A brief period of our late afternoon was spent trying to garner information about last minute boat tours, before we capped the day (after a late lunch, we opted out of dinner) with an evening stroll along the waterfront and its pier that stretched well out into the harbour.

Here the wild delights of Galapagos continued to impress, as we were promptly wowed by a huge school of Golden Rays as they cruised the turquoise waters of the harbour.

A beautiful school of Golden Rays

A beautiful school of Golden Rays

The following morning was all about hitting some of the tour agencies yet again to try and snare ourselves a cheap, last minute deal… the flaw in our plan being that we were up and about long before any of the offices were open.

So after consuming a quick lunch of croissants with jam & taking in the morning’s animal action, namely Sea Lions and Marine Iguanas, we were finally able to continue our search for hopefully a great bargain.

Marine Iguanas wrestle for... well, who knows what!?

Marine Iguanas wrestle for… well, who knows what!?

Queue a couple hours of disappointment, where it didn’t seem a case of there not being many last minute deals, there didn’t seem to be many tours available full stop!

We’d even contemplated splurging on an 8 day tour around the grandest Galapagos Island, Isabela (at $1,600.00 US per person), but even this had since sold out, so it was seeming like it may be a day purely full of frustration.

By this time we were sat at one of the many dive shops (this one also arranged cruises), waiting as a Canadian couple were briefed on one smaller 5 day cruise that took in some of the southern and western islands, which, after the briefing, all 4 of us decided to commit to.

The only catch, it started that very day at 2pm!

This saw us quickly race back to our hotel (it was already 11:15 by now) hoping to grab our bags and make our 11am check-out!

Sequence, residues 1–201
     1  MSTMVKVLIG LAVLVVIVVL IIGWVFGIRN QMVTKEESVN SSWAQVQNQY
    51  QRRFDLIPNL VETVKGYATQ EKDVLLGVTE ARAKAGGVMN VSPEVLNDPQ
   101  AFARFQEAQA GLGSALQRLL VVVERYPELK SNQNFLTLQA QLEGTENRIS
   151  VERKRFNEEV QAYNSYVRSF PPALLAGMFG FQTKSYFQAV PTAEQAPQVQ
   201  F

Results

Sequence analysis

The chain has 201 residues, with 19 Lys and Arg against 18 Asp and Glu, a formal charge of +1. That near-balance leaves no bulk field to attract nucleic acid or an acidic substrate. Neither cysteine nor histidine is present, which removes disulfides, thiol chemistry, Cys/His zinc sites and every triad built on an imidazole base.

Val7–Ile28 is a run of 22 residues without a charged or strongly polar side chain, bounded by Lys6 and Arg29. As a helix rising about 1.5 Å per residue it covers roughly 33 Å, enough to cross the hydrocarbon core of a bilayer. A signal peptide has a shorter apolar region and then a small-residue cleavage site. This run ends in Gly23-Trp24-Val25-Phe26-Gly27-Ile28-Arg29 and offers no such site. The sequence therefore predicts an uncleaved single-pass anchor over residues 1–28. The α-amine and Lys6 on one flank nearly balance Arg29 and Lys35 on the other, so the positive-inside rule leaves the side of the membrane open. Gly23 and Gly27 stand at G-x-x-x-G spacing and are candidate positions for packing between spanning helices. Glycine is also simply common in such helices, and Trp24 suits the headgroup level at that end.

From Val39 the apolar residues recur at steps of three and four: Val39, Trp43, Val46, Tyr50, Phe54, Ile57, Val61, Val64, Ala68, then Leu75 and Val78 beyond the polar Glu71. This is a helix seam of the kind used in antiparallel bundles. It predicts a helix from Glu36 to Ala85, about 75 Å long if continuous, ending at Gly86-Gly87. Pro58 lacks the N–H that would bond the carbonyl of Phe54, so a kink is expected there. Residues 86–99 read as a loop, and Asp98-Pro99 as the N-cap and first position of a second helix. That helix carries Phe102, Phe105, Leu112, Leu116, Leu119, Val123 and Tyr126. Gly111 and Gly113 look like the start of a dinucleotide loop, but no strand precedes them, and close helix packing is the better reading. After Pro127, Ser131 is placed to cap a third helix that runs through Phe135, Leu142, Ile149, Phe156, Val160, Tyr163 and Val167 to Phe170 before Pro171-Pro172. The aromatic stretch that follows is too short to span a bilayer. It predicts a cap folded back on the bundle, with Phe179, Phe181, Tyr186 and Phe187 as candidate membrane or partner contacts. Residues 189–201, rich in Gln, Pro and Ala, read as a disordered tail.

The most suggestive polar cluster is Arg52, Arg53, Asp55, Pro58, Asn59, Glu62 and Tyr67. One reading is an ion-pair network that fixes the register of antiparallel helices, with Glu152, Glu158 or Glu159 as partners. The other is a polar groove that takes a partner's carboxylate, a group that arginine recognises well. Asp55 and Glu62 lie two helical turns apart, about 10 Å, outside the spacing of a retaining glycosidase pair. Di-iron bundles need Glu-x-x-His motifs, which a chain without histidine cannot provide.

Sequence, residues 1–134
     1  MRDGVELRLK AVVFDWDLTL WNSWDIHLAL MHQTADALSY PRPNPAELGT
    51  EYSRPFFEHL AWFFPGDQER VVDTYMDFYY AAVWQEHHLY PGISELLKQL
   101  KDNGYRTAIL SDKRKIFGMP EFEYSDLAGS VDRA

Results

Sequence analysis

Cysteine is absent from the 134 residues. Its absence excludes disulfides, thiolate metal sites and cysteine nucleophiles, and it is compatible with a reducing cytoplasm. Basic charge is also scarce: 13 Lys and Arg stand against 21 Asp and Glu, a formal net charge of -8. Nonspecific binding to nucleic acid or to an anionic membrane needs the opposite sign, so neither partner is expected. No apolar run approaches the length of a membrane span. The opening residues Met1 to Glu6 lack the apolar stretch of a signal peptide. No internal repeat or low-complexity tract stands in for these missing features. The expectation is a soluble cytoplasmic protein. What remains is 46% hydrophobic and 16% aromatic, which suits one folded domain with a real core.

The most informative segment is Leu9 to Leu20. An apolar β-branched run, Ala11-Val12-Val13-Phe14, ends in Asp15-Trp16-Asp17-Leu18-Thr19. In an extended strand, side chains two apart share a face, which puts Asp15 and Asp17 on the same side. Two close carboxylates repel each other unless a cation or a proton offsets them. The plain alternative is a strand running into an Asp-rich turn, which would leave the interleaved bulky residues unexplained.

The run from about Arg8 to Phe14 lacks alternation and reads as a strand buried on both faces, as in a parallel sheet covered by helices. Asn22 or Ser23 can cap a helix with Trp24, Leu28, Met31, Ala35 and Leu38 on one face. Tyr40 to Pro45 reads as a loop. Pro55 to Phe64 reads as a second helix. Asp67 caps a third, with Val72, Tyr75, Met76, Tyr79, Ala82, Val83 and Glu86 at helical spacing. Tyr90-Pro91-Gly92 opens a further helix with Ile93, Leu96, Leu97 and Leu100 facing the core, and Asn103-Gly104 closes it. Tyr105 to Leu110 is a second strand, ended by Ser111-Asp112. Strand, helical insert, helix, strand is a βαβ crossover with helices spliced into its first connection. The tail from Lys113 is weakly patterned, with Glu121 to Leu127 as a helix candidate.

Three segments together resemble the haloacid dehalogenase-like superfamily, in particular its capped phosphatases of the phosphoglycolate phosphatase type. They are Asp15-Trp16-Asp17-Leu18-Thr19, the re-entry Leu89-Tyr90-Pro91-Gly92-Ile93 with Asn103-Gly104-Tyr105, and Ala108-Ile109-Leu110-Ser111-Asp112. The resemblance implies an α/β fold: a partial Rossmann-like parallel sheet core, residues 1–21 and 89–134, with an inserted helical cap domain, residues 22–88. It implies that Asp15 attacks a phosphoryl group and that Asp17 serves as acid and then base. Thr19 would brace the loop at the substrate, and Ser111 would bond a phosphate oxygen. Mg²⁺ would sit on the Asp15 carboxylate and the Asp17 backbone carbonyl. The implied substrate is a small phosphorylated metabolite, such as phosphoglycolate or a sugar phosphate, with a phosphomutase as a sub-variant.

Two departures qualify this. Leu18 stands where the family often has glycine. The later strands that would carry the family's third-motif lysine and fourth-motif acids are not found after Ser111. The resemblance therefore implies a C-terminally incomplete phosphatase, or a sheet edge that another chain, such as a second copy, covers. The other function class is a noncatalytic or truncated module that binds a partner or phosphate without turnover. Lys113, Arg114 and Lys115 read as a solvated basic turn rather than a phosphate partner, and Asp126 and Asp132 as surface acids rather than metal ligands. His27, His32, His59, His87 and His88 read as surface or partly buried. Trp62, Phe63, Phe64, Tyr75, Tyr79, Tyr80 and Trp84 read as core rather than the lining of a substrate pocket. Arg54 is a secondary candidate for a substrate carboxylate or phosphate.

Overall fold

Thankfully, this wasn’t an issue with reception, although it did mean we unfortunately weren’t able to properly say goodbye, or even exchange details with our 2 new Irish friends.

We met Dave & Cyd (the two Canadian’s whose trip we felt we’d tacked ourselves onto) back at the dive shop at the agreed time, where we were then led to the main pier to await the boat.

Only… we wouldn’t be getting on board. When the zodiac which belonged to the Floreana (that’s the name of the vessel on which we’d be cruising the islands) did finally arrive, our bags were collected, but we were not.

Instead our tour started with a short bus trip into the highlands to El Chato, a reserve where the famous Galapagos Giant Tortoises can roam freely.

A Danish family of 4 joined us from the Zodiac (they’d been picked up by the vessel directly from the airport on Baltra) and we were on our way.

We didn’t even need to wait until we’d departed the bus, in fact spotting several of these land behemoths on the drive in which was certainly a thrill.

Minutes later this was trumped completely, when we came face to face with the real thing.

These amazingly beautiful animals, looking so wise with their wrinkled features, and ponderous movements across the earth.

It became even more special (and a whole lot more David Attenborough like) when we were even privy to so wild love in the animal kingdom. We didn’t think this such a momentous event, until our guide, Victor, began to snap wildly with his camera as well!

Maybe this was indeed something special…

Up close and personal with an ancient giant

Up close and personal with an ancient giant

It goes without saying that a multitude of photos were snapped all throughout this excursion, which do a far better job than any superlatives I could think of.

What they don’t however do, is capture the feeling of the moment. The wow, the awe we felt to be in such a place.

This was iconic Galapagos, and this was in the first hour of our tour!

Our explorations continued, taking in more of these gentle giants, as well as a brief period beneath the lands surface as we explored an old lava tube.

A look so wise (left) & exploring an old lava tube (right)

A look so wise (left) & exploring an old lava tube (right)

Towards the end of the wander around the park, we had about 15 minutes free time in which to indulge in a beer or coffee if you desired (not free of course), but Sarah and I decided to stroll just a little further, as I’d spied from afar what looked like some action in a muddied pool.

Turns out it was worth foregoing the beer in this instance!

Happy as a...

As happy as a…

Evening found us back on the Floreana, where another 3 couples joined the vessel, bringing our complement up to 14.

Our 2 new Canadian friends, 4 Americans, 2 more Canadians, 4 Danes & of course ourselves (2 Australians).